Artificial intelligence can do great good, or great evil.


Speaking at the launch of the Leverhulme Centre for the Future of Intelligence (CFI), a new artificial intelligence (AI) think tank based in Cambridge, that aims to help shape how AI is developed, used and regulated, Stephen Hawking warned listeners about the future of AI and humanity.

“Success in creating AI could be the biggest event in the history of our civilization,” Hawking acknowledged, noting the unprecedented and rapid development of AI technology in recent years, from self-driving cars to a computer playing, and defeating humans, in a game of Go.

“But it could also be the last,” he warned.


Stephen Hawking talking at the opening of CFI

This isn’t the irrational ramblings of a technophobe. Quite the contrary, in fact. Hawking himself acknowledges the value of AI and what it could contribute to humanity’s future, saying he believes artificial intelligence and this century’s technological revolution will parallel the previous century’s industrial one.

“The potential benefits of creating intelligence are huge. We cannot predict what we might achieve, when our own minds are amplified by AI,” said Hawking.

But Hawking is also incredibly aware of the potential dangers associated with AI.

“Alongside the benefits, AI will also bring dangers, like powerful autonomous weapons, or new ways for the few to oppress the many,” Hawking added during his speech. He also hinted at the singularity being a possibility, when AI develops a will of its own that could conflict with the will of humanity.


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According AI pioneer Maggie Boden, who sits on the center’s advisory board, that’s where CFI comes into play.

Speaking at the launch event, she said, “CFI aims to pre-empt these dangers, by guiding AI development in human-friendly ways.”

The $12 million interdisciplinary think tank will work hand in hand with policy makers and members of the tech industry, such as Microsoft, Google and IBM, who recently formed their own AI oversight consortium,  to investigate topics associated with the growth of AI in today’s world — from regulating autonomous weapons to AI’s implications in democracy.

Cambridge, Oxford, Berkeley, and Imperial College, London, are behind the initiative, so some of the best minds on the planet will be working together to shape the future of AI.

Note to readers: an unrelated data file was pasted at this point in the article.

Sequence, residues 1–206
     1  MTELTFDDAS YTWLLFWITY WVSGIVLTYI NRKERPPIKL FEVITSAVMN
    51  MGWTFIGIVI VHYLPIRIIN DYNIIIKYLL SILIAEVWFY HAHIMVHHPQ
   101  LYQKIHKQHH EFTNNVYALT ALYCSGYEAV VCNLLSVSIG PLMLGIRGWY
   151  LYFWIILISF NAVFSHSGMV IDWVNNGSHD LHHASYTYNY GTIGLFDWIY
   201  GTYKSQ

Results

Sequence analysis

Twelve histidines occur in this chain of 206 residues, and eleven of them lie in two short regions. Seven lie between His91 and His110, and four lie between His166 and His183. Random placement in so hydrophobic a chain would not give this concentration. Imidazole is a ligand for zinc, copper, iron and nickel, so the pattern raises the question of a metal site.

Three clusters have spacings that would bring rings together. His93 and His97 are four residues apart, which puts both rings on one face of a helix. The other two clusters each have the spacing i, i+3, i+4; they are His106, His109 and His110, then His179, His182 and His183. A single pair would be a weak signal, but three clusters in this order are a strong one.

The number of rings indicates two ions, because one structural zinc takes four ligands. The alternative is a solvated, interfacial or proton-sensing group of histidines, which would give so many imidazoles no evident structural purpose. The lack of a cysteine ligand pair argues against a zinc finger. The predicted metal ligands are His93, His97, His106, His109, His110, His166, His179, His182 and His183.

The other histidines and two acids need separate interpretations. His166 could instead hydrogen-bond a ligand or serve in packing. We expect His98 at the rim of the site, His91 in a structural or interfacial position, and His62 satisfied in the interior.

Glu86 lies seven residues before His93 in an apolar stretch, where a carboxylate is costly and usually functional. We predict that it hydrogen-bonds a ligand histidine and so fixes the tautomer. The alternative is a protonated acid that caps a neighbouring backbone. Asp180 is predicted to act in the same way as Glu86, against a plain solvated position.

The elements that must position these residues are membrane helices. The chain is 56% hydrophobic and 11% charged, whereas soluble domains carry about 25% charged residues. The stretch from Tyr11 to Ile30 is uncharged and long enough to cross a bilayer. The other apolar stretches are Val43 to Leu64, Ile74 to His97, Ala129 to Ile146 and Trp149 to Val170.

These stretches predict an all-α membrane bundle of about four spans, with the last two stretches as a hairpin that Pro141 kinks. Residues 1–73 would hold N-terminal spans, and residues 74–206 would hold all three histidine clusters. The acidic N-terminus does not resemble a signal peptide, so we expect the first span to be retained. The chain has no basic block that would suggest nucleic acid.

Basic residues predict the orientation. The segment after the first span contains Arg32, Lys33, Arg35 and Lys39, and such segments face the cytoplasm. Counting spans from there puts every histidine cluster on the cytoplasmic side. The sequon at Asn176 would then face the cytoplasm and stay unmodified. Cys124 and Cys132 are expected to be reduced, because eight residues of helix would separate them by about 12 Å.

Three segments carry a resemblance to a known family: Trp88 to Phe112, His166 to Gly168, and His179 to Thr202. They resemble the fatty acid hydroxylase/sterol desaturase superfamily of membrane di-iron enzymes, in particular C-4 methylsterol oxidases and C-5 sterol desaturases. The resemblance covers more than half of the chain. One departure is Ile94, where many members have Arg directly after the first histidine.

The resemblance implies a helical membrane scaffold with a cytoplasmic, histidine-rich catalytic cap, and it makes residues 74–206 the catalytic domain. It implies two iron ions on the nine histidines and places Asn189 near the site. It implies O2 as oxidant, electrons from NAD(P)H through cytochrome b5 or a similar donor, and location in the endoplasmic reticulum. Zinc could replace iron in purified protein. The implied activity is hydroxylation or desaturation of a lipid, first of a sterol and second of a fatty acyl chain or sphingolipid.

“The research done by this center is crucial to the future of our civilization and of our species,” a hopeful Hawking concluded during his speech.

AI is like any life-changing technology in that it’s not the development itself that can be good or bad. The people who develop the tech are responsible for determining how it’s used, and despite his ominous warnings, Hawking’s work with CFI seems to prove he believes that AI technology isn’t to be feared given the right research and preparation.

About author

Matthew Griffin

Matthew Griffin, described as “The Adviser behind the Advisers” and a “Young Kurzweil,” is the founder and CEO of the World Futures Forum and the 311 Institute, a global Futures and Deep Futures consultancy working between the dates of 2020 to 2070, and is an award winning futurist, and author of “Codex of the Future” series. Regularly featured in the global media, including AP, BBC, Bloomberg, CNBC, Discovery, RT, Viacom, and WIRED, Matthew’s ability to identify, track, and explain the impacts of hundreds of revolutionary emerging technologies on global culture, industry and society, is unparalleled. Recognised for the past six years as one of the world’s foremost futurists, innovation and strategy experts Matthew is an international speaker who helps governments, investors, multi-nationals and regulators around the world envision, build and lead an inclusive, sustainable future. A rare talent Matthew’s recent work includes mentoring Lunar XPrize teams, re-envisioning global education and training with the G20, and helping the world’s largest organisations envision and ideate the future of their products and services, industries, and countries. Matthew's clients include three Prime Ministers and several governments, including the G7, Accenture, Aon, Bain & Co, BCG, Credit Suisse, Dell EMC, Dentons, Deloitte, E&Y, GEMS, Huawei, JPMorgan Chase, KPMG, Lego, McKinsey, PWC, Qualcomm, SAP, Samsung, Sopra Steria, T-Mobile, and many more.

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